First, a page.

A flag or pennant from one of several different systems for signalling the
condition of a beach, the state of the ocean or weather at that particular point,
and/or to what degree bathing safety precautions are in place – a bathing or surfing
flag/pennant, a weather or weather-warning flag/pennant, a shark alert or alarm flag/pennant, a wind, windsurf or windsurfing danger
flag/pennant or similar - but see ‘blue flag’ (also
‘red flag 1)’ and
‘storm warning flag’).
An accurate but seldom used translation (balken meaning a “balk”, “bar” or “beam” of
wood) of the German term balkenkreuz - see ‘balkenkreuz’.
1) An expanding stripe (or stripes) which usually - but not exclusively - expand from a central point in order to represent
a shaft (or shafts) of light – rays – but see
(also ‘expanding stripe(s)’).
2) A term sometimes incorrectly used to describe a stripe (or stripes) in place of the heraldic equivalents – see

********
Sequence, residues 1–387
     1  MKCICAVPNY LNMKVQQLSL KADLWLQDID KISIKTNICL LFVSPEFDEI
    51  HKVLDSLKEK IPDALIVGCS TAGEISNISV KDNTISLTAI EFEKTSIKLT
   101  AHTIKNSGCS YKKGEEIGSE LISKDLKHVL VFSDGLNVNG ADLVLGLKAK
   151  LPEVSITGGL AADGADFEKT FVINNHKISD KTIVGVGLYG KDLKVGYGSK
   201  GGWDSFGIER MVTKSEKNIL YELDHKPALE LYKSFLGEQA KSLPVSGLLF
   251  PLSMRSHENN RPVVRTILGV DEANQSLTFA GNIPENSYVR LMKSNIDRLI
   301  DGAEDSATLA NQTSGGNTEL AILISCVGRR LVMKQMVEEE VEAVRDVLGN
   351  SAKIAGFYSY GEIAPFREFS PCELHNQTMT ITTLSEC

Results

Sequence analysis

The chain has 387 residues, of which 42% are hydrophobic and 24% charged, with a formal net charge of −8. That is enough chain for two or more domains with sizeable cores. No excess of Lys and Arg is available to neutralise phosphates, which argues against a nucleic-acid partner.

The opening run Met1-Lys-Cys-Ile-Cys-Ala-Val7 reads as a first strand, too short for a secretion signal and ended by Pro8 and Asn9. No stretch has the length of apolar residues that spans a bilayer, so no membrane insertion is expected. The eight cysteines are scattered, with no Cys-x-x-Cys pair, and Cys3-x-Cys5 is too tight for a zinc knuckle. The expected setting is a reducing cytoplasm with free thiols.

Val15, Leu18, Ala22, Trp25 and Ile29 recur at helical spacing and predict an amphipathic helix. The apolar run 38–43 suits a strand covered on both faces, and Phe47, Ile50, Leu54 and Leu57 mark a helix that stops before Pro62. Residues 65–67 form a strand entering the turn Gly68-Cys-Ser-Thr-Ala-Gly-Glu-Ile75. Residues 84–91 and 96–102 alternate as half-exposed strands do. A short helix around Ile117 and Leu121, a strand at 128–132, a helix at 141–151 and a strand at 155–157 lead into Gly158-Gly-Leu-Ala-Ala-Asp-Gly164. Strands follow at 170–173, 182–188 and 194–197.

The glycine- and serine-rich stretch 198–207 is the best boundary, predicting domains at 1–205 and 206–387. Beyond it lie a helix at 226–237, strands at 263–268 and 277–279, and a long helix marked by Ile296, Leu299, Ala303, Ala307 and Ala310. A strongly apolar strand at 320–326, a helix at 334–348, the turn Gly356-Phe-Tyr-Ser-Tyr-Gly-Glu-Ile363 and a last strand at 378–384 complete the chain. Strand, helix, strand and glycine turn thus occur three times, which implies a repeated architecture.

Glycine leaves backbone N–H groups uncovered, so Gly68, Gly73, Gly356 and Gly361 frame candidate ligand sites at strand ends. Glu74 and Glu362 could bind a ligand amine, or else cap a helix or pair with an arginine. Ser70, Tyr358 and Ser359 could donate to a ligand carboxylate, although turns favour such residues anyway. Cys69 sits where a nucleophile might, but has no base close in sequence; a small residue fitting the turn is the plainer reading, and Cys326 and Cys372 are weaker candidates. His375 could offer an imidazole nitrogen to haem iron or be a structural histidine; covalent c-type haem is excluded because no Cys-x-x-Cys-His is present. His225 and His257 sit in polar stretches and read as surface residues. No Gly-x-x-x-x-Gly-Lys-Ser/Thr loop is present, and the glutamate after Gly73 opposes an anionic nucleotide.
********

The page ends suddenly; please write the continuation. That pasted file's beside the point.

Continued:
3) The term may also be used to describe a horizontal arm such as those seen on an anchor, cross or yard
(see also ‘cross 1)’ and
4) See ‘beamed’.
Flag of the Air Force, Russia (fotw);
Emblem and Flag of P’ing-tung, Taiwan (fotw)
A term sometimes incorrectly used in place of pointed - see ‘pointed’
(also ‘rays 1)’).
Please note, information suggests that
this term - a direct translation of the French "flamme de boeuf" - may have ceased after 1792,
however, this is not certain and no equivalent signal can be found in contemporary British naval
sources. Nonetheless supply vessels of the late 19th and early 20th Century which were carrying
foodstuffs to the Royal Navy are known to have flown a ’beef flag’.
An increasingly obsolete method of securing the halyard by means of
movable vertical pins (fitted into a frame or rack at the foot of the mast)
and now largely replaced by the cleat - a tack pin or jack pin (see also ‘cleat’